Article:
Upavitaka, Upavītaka: 4 definitions

Introduction:

Upavitaka means something in Hinduism, Sanskrit. If you want to know the exact meaning, history, etymology or English translation of this term then check out the descriptions on this page. Add your comment or reference to a book if you want to contribute to this summary article.

In Hinduism

Shaktism (Shakta philosophy)

[«previous next»] — Upavitaka in Shaktism glossary
Source: Google Books: Manthanabhairavatantram

1) Upavītaka (उपवीतक) refers to the “sacred thread” and is used to describe Śaṃkara (i.e., Bhairava), according to the second recension of the Yogakhaṇḍa of the Manthānabhairavatantra, a vast sprawling work that belongs to a corpus of Tantric texts concerned with the worship of the goddess Kubjikā.—Accordingly, as the Goddess (i.e., Khageśī) said to the God (i.e., Bhairava), “[...] Give up the ash, the matted hair and the form with five faces. Give up the bones and skull and (all) else that is artificial. Give up (the practice of ritual) gestures, the Moon and the sacred thread [i.e., upavītaka]. Give up the bull and the Ganges. Give up (your) spear and the great serpent, the ascetic's staff and, O god, the garland of severed heads and the skull. Accomplishment (siddhi) (can only be found) in Kula, Kaula and the Western (transmission) of Sadyojāta. [...]”.

2) Upavītaka (उपवीतक) refers to the “virtue of one’s sacred thread”, according to the Ṣaṭsāhasrasaṃhitā, an expansion of the Kubjikāmatatantra: the earliest popular and most authoritative Tantra of the Kubjikā cult.—Accordingly, “(The true teacher is dedicated to) truthfulness, ritual purity and cleanliness, compassion, and forbearance; he unites with his wife when it is her season, not out of passion, but for a son for the benefit of (his) clan and lineage. He practices the six magical rites, bathes (regularly) and worships at the three times of day. He avoids the Śūdra and the low caste as well as (accepting food from others), whether cooked or raw. One who is endowed with such qualities is a Brahmin (vipra), not by caste or by virtue of (his) sacred thread [i.e., upavītaka] (and the like). These are the qualities of a (true) Brahmin. He who possesses them is a (true) teacher. Moreover, he removes error, and he reveals the meaning of the Kula scripture. Previously consecrated, (such a one) should always be made (one’s) teacher”.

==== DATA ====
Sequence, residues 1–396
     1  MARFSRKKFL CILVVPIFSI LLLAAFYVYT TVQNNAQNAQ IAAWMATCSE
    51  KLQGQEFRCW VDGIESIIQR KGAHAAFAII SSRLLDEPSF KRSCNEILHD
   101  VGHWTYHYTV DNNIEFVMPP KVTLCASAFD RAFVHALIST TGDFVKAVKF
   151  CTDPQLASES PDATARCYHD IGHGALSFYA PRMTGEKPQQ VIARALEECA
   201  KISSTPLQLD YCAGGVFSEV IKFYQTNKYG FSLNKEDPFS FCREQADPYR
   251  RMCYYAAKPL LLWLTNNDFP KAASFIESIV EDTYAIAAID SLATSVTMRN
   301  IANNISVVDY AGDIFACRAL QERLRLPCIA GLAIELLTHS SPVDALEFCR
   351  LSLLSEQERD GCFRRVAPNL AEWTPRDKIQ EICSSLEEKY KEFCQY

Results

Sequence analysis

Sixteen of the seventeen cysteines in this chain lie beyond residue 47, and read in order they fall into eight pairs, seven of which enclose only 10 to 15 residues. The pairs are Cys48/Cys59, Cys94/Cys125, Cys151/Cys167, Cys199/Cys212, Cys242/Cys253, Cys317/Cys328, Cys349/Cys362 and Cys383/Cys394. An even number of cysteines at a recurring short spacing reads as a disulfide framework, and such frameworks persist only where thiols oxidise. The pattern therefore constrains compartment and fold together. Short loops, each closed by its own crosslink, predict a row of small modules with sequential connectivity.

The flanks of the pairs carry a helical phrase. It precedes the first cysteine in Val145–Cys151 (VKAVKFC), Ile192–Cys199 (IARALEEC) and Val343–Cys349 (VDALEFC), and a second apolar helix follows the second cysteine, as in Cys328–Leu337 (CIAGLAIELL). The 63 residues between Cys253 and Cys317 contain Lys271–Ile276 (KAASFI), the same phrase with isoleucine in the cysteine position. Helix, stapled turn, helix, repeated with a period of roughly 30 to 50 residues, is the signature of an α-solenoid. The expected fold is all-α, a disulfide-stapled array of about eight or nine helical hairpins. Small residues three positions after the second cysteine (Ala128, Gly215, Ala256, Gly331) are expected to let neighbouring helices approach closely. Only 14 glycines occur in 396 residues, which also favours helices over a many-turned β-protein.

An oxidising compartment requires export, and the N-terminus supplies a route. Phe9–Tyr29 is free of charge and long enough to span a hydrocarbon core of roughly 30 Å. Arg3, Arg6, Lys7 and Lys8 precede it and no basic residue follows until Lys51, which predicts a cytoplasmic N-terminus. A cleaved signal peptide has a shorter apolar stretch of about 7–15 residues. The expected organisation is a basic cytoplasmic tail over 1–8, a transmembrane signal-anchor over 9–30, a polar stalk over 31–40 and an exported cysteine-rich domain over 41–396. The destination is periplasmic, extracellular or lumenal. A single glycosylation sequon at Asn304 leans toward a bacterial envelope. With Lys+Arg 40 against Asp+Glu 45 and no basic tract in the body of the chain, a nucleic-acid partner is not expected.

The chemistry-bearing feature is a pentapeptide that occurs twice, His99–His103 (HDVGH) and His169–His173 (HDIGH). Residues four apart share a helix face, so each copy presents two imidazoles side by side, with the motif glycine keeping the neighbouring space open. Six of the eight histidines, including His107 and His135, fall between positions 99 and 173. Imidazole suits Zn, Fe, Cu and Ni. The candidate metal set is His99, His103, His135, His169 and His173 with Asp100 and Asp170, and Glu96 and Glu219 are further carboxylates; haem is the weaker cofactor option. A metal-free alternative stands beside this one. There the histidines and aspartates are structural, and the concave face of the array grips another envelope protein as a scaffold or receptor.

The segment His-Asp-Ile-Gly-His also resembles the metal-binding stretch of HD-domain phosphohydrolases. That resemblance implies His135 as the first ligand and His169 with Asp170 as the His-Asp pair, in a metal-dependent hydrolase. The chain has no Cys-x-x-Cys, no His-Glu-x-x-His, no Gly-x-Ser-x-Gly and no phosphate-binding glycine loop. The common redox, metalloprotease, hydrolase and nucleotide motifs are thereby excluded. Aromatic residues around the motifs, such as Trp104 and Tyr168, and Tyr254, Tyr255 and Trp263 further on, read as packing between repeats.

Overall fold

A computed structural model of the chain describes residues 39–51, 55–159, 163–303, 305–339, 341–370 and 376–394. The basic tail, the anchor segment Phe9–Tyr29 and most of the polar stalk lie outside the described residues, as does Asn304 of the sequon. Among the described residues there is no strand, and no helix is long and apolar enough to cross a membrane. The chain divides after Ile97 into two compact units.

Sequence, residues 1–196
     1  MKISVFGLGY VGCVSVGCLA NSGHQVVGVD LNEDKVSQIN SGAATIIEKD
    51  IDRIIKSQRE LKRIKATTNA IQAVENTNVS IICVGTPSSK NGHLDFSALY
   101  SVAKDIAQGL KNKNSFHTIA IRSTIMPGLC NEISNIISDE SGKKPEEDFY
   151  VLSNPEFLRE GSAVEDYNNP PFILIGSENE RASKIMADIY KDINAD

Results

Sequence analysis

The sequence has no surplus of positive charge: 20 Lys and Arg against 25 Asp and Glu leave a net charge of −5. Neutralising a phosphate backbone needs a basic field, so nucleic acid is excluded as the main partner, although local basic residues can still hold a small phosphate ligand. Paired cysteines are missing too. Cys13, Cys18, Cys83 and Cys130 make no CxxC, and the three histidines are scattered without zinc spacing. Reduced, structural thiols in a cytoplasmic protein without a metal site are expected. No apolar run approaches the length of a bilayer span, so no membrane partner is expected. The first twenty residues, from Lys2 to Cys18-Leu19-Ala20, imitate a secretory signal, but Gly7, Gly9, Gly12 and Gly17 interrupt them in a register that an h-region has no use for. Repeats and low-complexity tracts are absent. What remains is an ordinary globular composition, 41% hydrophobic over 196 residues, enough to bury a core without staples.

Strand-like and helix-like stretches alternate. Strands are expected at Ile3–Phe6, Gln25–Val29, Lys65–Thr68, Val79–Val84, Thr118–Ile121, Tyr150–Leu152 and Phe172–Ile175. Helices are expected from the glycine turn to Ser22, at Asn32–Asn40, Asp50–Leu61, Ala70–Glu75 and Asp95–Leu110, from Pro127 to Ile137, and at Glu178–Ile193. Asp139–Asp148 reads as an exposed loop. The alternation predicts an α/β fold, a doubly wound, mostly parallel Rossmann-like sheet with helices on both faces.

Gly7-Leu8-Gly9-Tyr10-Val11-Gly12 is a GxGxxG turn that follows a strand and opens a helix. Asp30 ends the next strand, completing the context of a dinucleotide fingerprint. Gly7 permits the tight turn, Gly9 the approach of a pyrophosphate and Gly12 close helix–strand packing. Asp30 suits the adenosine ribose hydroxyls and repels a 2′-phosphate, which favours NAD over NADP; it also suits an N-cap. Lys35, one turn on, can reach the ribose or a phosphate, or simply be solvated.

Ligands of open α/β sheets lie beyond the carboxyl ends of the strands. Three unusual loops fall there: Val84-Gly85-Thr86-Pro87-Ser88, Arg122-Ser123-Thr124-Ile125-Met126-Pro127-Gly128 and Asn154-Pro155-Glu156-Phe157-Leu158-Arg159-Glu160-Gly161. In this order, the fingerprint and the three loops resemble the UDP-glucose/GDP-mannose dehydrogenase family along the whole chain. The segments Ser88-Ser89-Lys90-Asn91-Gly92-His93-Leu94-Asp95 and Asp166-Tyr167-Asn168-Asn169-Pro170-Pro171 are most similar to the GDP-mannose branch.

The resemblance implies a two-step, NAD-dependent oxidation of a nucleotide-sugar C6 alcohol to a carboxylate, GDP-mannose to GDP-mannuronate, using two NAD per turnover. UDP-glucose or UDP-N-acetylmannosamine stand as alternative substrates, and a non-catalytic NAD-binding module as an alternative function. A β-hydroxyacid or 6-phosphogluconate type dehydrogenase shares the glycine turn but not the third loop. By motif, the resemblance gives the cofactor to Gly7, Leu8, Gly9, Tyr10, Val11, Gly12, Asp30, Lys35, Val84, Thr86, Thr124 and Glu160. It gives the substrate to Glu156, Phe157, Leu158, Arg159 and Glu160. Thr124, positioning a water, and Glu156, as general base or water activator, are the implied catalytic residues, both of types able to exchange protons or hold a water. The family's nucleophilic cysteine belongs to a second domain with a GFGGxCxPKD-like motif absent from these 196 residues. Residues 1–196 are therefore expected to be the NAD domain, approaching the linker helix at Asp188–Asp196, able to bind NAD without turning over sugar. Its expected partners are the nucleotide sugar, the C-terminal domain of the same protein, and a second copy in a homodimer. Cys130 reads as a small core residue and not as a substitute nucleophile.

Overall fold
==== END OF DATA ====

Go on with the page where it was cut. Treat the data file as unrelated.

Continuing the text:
Shaktism book cover
context information

Shakta (शाक्त, śākta) or Shaktism (śāktism) represents a tradition of Hinduism where the Goddess (Devi) is revered and worshipped. Shakta literature includes a range of scriptures, including various Agamas and Tantras, although its roots may be traced back to the Vedas.

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Sanskrit dictionary

[«previous next»] — Upavitaka in Sanskrit glossary
Source: DDSA: The practical Sanskrit-English dictionary

Upavītaka (उपवीतक).—The sacred thread.

Derivable forms: upavītakam (उपवीतकम्).

Source: Cologne Digital Sanskrit Dictionaries: Monier-Williams Sanskrit-English Dictionary

Upavītaka (उपवीतक):—[from upa-vye] n. the sacred thread, [Kathāsaritsāgara; Bhāgavata-purāṇa]

[Sanskrit to German]

Upavitaka in German

context information

Sanskrit, also spelled संस्कृतम् (saṃskṛtam), is an ancient language of India commonly seen as the grandmother of the Indo-European language family (even English!). Closely allied with Prakrit and Pali, Sanskrit is more exhaustive in both grammar and terms and has the most extensive collection of literature in the world, greatly surpassing its sister-languages Greek and Latin.

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